There were questions to go around, certainly, but the biggest one for the offense may be the way the end of the first half was handled.

Seahawks punter Jon Ryan bobbled a snap and looked utterly perplexed as to what to do with the ball and was tackled well inside Seattle territory, giving New England possession at the 24 with 40 seconds until the half.

Brady found Wes Welker for a 15-yard gain to start, and then quickly found Danny Woodhead for 6 more, so the Patriots had second-and-goal from the 3. Brady fired for Rob Gronkowski in the end zone, a ball that safety Earl Thomas got his hands on.

On third down, with 6 seconds left, pressure came quickly, Brady threw the ball out of the back of the end zone, and was flagged late for intentional grounding. By rule, 10 seconds had to be run off the clock, which ended the half and wiped out a chance for Stephen Gostkowski to try a short field goal that would have given the Patriots a 20-10 halftime lead.

“That is my responsibility to take care of the football and do something good with it,” Brady said.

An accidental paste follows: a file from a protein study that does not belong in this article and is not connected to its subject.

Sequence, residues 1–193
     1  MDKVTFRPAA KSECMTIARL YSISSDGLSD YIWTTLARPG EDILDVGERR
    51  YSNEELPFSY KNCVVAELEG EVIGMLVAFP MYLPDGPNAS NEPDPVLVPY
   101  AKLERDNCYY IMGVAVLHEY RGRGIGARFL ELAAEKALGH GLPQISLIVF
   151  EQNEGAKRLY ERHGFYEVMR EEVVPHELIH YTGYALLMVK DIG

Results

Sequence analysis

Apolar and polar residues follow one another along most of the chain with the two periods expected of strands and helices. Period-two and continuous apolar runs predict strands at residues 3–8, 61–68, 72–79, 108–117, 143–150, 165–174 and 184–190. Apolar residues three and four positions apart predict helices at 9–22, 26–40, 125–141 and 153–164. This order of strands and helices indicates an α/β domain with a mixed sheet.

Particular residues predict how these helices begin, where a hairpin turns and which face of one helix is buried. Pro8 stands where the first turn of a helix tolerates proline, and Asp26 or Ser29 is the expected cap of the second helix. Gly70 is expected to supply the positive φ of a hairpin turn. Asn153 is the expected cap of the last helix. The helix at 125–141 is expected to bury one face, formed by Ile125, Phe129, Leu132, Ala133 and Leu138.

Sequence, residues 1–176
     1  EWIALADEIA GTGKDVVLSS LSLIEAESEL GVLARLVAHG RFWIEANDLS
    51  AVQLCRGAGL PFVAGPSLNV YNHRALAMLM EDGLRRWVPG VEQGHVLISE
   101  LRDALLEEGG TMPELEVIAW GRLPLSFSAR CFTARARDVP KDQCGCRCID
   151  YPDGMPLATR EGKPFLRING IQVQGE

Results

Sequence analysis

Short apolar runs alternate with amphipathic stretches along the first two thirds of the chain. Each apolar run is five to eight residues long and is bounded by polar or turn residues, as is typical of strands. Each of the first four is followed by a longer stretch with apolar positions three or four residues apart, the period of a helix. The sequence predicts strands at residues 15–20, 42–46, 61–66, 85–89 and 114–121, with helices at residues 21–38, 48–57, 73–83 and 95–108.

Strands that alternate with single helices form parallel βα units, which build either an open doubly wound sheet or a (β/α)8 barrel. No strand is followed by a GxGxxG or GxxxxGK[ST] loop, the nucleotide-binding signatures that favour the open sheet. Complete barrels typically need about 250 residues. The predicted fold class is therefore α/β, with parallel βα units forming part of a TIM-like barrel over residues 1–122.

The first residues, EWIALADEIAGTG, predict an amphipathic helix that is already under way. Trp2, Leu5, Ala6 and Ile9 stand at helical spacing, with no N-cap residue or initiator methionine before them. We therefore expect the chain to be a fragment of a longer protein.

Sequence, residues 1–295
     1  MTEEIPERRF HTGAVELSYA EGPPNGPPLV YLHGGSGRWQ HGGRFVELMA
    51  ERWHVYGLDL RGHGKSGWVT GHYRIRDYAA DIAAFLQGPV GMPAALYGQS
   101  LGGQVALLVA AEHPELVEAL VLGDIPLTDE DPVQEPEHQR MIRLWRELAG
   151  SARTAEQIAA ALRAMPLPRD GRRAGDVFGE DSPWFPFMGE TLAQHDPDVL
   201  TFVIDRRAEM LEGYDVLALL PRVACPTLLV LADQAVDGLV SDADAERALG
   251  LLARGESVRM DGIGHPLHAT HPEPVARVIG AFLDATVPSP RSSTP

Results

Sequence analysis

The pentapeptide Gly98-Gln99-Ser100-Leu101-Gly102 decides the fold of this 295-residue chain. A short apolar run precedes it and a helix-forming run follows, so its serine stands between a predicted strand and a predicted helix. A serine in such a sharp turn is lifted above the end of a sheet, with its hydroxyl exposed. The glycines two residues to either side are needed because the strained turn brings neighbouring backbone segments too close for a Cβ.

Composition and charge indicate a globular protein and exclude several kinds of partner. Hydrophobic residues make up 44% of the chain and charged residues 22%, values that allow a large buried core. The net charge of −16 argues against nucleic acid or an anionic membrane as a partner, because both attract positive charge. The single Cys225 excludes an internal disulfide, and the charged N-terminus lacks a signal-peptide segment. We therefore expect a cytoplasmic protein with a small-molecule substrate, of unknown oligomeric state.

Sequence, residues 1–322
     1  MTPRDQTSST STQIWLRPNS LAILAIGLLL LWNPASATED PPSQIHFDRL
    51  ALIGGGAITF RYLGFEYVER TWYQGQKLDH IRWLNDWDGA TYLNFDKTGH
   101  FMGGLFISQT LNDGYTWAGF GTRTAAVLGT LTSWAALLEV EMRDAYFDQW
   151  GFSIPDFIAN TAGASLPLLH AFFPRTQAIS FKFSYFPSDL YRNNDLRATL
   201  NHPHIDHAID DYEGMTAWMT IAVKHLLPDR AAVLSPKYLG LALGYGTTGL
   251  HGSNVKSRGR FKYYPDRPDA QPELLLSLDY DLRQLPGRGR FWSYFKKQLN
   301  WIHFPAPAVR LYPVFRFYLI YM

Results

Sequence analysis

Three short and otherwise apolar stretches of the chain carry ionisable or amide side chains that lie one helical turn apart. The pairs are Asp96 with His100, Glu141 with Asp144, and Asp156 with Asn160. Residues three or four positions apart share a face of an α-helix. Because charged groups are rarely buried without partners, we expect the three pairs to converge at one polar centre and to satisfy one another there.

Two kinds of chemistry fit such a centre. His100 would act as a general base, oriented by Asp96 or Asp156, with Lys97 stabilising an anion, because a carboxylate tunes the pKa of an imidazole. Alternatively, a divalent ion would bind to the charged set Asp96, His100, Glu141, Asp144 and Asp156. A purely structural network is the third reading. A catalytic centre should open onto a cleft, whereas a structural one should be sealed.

“When the play comes in from the sidelines they are not thinking that we are going to have intentional grounding. They trust me to be smart with the ball and to get 3 [points] at the worst and I just made a bad play.”

“We could have put a lot more pressure on them before halftime,” Mankins said. “When you get down there, you have to score points. It didn’t affect our psyche — we still moved the ball in the second half, but we didn’t score. When you get in the red zone, you have to score points, sometimes even 3.”

New England was just 1 for 6 in the red zone.

Brady’s interceptions came on consecutive possessions in the third and fourth quarter, both in Seattle territory. The second came on third and 1 from the Seattle 6, when Brady looked to Welker and it was Thomas who made the catch.

Branch insisted that this team does have the killer instinct, it simply has to execute and make the plays necessary in key moments.

On Sunday, that certainly didn’t happen.